Dee’s Story

For the first twenty years of my life I was forced to live with a severely mentally unbalanced abusive, neurotic foster mother from the age of 8 months, (my brother was placed there when he was a year old). It was like living with a volcano, because you never knew when she was going to blow her top.   My brother’s and my personal growth and development was severely stunted as a result of our experiences. Neither my brother nor I were able to reach our full potential and it ruined any chance we had of ever having any sort of a relationship with our birth mother because of the vicious lies fed to us by foster mother about our birth mother.  Our childhood was totally hideous.

From a very young age, I instinctively sensed my foster mother did not like me, want me, and favoured my brother. We lived in a house, it was never a home, which we shared with two other older foster children, another brother and sister and the only daughter of the foster parents. Their birth daughter was twelve years older than I was.

I was a very anxious frightened little child.  Our perfectionist foster mother with her weekly migraine headaches, living off her nerves, breakdowns, time in and out of hospital and convalescent homes, was old and very crabby. I was very ashamed I was living with her and wondered why I was there. Looking for an answer in my child like way, I decided I must have been a very bad baby. That was the reason why she hated me.   When I got older I worked out I should never have been born because I was, to her, such an awful child.

We had visits from our birth mother, but foster mother filled our heads with how bad she was, when all the time she was a special needs mum with a disability.   Years later when I read my welfare file I was astounded at the vicious lies written by my foster mother about our birth mother, which the welfare officers always believed, documented and acted upon.  It got to the stage where the visits had to be on neutral territory because neither of these woman would go to the others house… all these situations instigated by control freak and master trouble maker and manipulator, my foster mother.

All through my file it was recorded as to my foster mother’s headaches, living off her nerves, hospital admissions, nervous breakdowns etc. Never did the Welfare ever think we should be moved.  My brother went to see a psychologist when he was about ten and this specialist recorded that my brother had severe psychological problems. The specialist also noted that foster mother was very odd and controlling but the welfare ignored this.  All this is documented in files I accessed years later.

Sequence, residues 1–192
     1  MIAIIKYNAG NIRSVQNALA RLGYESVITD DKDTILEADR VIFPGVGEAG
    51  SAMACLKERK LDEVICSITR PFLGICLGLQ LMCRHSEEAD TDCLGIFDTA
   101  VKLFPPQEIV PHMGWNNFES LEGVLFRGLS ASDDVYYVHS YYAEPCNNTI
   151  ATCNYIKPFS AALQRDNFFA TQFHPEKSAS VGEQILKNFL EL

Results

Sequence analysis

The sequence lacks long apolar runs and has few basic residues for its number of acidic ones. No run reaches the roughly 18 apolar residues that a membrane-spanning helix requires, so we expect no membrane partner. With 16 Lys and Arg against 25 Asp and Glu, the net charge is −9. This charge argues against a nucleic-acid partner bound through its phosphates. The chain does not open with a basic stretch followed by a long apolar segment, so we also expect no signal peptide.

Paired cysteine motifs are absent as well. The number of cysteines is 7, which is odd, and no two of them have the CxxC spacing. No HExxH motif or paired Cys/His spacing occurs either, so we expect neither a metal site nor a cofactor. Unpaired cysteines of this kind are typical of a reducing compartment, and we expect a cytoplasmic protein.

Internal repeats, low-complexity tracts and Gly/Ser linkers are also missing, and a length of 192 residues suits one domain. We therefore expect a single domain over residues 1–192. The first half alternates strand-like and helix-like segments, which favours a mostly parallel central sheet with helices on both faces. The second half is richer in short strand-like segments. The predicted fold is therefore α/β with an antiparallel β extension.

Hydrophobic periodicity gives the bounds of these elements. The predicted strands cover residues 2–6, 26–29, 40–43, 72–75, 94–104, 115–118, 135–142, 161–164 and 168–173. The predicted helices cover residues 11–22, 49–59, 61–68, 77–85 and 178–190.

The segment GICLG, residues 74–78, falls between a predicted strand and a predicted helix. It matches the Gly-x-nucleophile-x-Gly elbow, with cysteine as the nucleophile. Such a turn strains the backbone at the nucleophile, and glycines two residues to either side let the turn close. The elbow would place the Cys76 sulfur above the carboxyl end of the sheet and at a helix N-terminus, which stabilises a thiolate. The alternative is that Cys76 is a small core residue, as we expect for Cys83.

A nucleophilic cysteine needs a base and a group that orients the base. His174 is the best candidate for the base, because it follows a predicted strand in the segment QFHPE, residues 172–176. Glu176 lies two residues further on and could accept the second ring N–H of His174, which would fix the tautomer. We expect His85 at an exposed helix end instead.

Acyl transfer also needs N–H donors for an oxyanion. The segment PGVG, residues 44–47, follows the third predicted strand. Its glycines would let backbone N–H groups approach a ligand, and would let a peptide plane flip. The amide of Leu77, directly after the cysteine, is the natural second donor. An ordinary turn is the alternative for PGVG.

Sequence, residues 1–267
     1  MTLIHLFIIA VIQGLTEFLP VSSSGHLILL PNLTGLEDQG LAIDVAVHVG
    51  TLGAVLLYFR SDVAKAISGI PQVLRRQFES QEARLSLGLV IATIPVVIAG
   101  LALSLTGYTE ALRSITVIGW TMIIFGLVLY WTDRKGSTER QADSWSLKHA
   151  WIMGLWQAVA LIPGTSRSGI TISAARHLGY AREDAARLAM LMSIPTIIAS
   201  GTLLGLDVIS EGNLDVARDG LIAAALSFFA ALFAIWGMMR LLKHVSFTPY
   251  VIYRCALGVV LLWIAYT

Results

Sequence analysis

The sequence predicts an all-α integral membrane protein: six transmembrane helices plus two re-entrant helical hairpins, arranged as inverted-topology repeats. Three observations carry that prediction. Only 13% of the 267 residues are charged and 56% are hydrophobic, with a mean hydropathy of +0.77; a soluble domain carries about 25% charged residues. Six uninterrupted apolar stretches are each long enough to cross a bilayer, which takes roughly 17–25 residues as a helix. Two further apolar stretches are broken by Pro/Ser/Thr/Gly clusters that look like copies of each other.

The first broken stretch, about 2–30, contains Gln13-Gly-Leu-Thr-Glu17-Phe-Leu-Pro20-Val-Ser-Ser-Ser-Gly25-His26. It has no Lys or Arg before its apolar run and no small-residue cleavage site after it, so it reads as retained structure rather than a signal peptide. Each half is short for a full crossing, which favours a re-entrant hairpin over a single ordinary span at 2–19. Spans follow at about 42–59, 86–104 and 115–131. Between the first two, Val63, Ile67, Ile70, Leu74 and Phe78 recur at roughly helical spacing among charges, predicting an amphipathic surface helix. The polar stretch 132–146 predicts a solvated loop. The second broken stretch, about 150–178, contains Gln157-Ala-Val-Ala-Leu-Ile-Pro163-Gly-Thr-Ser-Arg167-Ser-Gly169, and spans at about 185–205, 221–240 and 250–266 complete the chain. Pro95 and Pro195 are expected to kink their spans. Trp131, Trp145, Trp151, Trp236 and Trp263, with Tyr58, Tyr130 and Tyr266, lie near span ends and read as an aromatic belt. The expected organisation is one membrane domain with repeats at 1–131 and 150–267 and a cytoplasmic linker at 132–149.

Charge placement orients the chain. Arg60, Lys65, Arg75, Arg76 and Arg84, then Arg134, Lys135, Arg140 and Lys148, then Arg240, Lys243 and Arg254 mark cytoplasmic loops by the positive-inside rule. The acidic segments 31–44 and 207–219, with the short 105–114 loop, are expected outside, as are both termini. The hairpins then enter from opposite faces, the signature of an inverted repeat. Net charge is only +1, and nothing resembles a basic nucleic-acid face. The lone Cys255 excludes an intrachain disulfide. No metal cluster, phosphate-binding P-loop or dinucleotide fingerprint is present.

As we grew older we had shopping trips in town for clothes/shoes with those dreaded welfare dockets.   It was hideous because foster mother turned on her drama queen act for the shop assistants, saying how wonderful she was to look after us children, because our mother was in the lunatic asylum. When my brother and I started high school she instructed us to never tell anyone about our free books and clothes because it was something to be ashamed of and we had to keep the nasty secret.

I do recall going into Todds clothing store in Otahuhu for clothes replacements, and I made sure there was no one from school in that shop. If there was, I would run round the block many times until that shop was empty when I went in. I cringed so badly from all this stress, I had awful stomach pains and felt ill.

When I finally read my file in September 2004, I finally learned the real reason.   Foster parents told everyone in  Papatoetoe that they had adopted my brother and I. That was why we had to keep it a secret (that we were in foster care), because if the true story ever got out, they would lose face in the local community. These were the calibre of people the welfare chose to be foster parents… societies misfits.

Thanks to our upbringing my brother and I never had a decent relationship with our birth mother, grandmother, and we had no favourite aunties, uncles or cousins to grow up with.  Various family members wrote to the welfare offering to look after us, but the welfare always refused to move us, saying we were living with an excellent foster mother.  Our birth mother also wrote to the welfare wanting us moved. It was uncanny, she somehow sensed and knew her children were being mistreated.

This is what happens when untrained, uncaring people and complete idiots are left in charge of young vulnerable children.   My brother and I were both left with severe emotional and psychological problems.